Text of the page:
They are among the greatest names in British equestrian history – and with a combined age of 147, William Fox-Pitt, Michael Whitaker and Pippa Funnell simply keep on winning.
A quick tour over the past two weeks from Badminton, via La Baule on the west coast of France to the stunning setting of Chatsworth House in Derbyshire, and one would have found these British champions on winning form.
Do not be in the least bit surprised, therefore, if the riders in question are integral parts of the Great Britain equestrian team at next year’s Rio Olympic Games.
Their performances during the past week to 10 days underlined the old sporting adage of “form is temporary, class is permanent,” and could have left no-one in any doubt about an enduring quality that augers well for Brazil in 15 months’ time.
At 46, Fox-Pitt’s second Badminton title 11 years after his first one rightly won universal acclaim. It was the 14th four-star title of his stellar eventing career, but never could one have been so popular as he steered the 15-year stallion Chilli Morning to a memorable victory.
Form and fitness prevailing, Chilli would appear to be Fox-Pitt’s Olympics horse, but he is in the enviable position of having so many others to choose from – proven four-star winners like Parklane Hawk, Bay My Hero and Cool Mountain – plus arguably the rising star at Fox-Pitt’s Dorset yard, Freddie Mac.
Across all the olympic sports, Fox-Pitt would probably be the nearest thing to a British shoe-in selection that is currently out there, and it would no surprise if three-time Olympic medallist Funnell joined him on the flight.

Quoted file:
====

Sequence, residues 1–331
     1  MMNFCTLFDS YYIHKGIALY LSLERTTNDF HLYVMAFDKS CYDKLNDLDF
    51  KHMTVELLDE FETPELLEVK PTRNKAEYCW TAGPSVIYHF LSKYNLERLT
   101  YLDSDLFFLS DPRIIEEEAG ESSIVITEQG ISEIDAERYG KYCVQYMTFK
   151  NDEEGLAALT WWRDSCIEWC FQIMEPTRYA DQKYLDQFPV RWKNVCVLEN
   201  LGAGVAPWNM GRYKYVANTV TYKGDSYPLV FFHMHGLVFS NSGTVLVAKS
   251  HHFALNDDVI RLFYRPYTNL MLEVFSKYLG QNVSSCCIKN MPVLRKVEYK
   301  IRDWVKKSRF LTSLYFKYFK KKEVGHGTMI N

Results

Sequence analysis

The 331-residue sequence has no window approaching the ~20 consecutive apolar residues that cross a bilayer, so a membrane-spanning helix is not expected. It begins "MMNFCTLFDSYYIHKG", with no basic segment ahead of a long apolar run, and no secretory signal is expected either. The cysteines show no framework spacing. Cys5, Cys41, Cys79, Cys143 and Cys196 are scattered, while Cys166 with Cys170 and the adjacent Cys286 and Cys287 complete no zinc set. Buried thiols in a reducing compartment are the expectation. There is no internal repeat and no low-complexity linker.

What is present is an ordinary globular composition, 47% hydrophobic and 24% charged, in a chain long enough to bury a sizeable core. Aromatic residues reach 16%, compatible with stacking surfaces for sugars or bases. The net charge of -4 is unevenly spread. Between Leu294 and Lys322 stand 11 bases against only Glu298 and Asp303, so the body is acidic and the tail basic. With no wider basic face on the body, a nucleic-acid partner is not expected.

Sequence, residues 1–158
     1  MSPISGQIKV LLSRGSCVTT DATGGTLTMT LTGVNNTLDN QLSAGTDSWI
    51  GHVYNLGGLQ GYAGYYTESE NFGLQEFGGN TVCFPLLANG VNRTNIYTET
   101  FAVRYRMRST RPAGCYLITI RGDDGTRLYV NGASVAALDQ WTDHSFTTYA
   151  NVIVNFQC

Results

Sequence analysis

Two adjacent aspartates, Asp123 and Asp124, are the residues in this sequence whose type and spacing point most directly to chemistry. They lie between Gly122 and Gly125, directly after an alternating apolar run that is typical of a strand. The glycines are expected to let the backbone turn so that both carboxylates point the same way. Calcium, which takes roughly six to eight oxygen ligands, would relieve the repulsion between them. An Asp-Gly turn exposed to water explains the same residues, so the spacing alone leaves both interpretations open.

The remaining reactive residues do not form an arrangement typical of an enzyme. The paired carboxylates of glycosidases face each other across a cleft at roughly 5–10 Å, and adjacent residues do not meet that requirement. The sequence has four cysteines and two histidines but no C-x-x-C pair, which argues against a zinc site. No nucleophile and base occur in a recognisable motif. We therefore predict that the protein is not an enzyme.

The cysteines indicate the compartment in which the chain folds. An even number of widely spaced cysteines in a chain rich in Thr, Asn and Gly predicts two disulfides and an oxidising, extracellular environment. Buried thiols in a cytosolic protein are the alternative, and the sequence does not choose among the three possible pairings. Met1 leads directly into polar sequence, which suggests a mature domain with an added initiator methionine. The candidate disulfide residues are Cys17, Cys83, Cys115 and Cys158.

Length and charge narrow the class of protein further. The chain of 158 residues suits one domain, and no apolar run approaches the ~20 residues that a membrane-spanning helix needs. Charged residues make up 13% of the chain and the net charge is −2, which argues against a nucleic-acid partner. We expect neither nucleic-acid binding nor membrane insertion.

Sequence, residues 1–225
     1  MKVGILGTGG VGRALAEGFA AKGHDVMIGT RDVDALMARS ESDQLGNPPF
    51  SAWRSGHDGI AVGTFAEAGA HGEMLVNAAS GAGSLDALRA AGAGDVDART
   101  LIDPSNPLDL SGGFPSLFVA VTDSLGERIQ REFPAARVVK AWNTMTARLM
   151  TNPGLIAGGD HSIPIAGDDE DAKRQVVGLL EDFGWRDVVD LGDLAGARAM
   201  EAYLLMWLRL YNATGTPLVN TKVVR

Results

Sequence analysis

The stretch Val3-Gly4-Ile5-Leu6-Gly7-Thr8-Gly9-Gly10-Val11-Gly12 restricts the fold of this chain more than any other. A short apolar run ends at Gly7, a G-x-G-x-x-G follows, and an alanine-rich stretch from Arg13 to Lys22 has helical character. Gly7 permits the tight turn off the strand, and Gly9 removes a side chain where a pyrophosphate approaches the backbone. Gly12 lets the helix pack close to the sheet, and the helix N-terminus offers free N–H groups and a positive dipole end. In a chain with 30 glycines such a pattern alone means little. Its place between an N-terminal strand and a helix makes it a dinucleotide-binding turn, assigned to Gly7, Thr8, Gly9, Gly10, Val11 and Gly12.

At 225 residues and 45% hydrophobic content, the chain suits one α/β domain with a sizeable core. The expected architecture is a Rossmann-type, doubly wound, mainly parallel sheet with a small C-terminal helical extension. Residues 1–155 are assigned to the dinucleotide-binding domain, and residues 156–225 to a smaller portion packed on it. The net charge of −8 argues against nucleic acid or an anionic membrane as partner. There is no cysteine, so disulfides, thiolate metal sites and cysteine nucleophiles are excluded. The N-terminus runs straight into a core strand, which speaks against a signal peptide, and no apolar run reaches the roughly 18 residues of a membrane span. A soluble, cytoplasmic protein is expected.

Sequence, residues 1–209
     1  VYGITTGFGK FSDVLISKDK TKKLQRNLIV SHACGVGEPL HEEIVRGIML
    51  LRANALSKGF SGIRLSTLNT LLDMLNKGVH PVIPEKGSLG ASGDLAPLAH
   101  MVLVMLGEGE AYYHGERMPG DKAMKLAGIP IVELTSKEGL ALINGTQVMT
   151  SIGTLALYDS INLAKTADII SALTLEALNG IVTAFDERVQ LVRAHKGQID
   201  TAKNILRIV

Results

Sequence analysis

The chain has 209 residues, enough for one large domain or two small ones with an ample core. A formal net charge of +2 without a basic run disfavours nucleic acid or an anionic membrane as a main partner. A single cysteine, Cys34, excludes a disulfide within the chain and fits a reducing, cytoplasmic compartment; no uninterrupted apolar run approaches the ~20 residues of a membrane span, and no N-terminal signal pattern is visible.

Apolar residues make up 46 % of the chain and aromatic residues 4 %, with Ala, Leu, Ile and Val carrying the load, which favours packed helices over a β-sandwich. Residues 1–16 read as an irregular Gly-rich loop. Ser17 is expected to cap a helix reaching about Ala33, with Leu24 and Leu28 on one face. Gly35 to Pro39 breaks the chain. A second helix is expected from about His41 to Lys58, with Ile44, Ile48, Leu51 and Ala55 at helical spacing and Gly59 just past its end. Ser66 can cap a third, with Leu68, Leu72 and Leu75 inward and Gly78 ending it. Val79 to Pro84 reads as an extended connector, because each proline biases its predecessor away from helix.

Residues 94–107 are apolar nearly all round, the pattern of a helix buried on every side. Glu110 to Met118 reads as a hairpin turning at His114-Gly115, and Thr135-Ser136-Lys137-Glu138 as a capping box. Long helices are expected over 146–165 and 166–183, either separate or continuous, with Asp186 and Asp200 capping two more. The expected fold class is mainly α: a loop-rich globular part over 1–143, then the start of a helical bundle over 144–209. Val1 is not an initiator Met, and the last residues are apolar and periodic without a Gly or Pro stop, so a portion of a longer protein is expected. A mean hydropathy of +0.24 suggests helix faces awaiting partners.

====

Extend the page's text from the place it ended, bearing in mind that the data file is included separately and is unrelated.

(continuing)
Funnell, also 46, enjoyed a mesmeric run of success during the early 2000s, when she followed up her achievement as European individual champion by winning Badminton three times in four years and becoming the first, and still only, rider to complete the Rolex Grand Slam, a lucrative cash prize to awarded to anyone clinching consecutive Badminton, Burghley and Kentucky titles.
Fast forward to 2015, and Funnell’s performance at Chatsworth should not go unnoticed, winning the CIC three-star for a record third time on Sandman 7, while also landing one of the one-star sections aboard Billy Walk On.
German-bred Sandman is owned by Funnell and her mother Jenny Nolan, and they gave a third share to Funnell’s long-time trainer Ruth McMullen for her 80th birthday. “He is getting better and better and is a horse for the future,” Funnell said, while of Billy Walk On, she added that the horse has been “freakily quick to progress.”
A quick hop across the Channel, and showjumper Whitaker could be observed at his brilliant best, anchoring Great Britain to a thrilling victory at the La Baule Nations Cup.
Whitaker, 55, faced intense pressure, knowing he could not afford a fence down if Britain were to take top honours, while his first round aboard Cassionato had been far from straightforward, with the Yorkshireman requiring all his renowned horsemanship skills to conjure a clear round.
But he duly delivered the goods, showcasing exactly why he has won 15 major championship medals by once again leaving every fence up and ensuring that together with his team-mates Joe Clee, Spencer Roe and Guy Williams, Britain continued a hugely-impressive start to Di Lampard’s reign as chef d’equipe.
“I knew I had to go in and have less than four penalties, so the time really mattered,” Whitaker said. “The first round was a bit difficult, but the second round was great, he really went well and gave me a good ride.”
And Lampard added: “Everyone was exceptional, and for Michael to pull it out the bag in the way he did made it spectacular.”
Roll on Rio!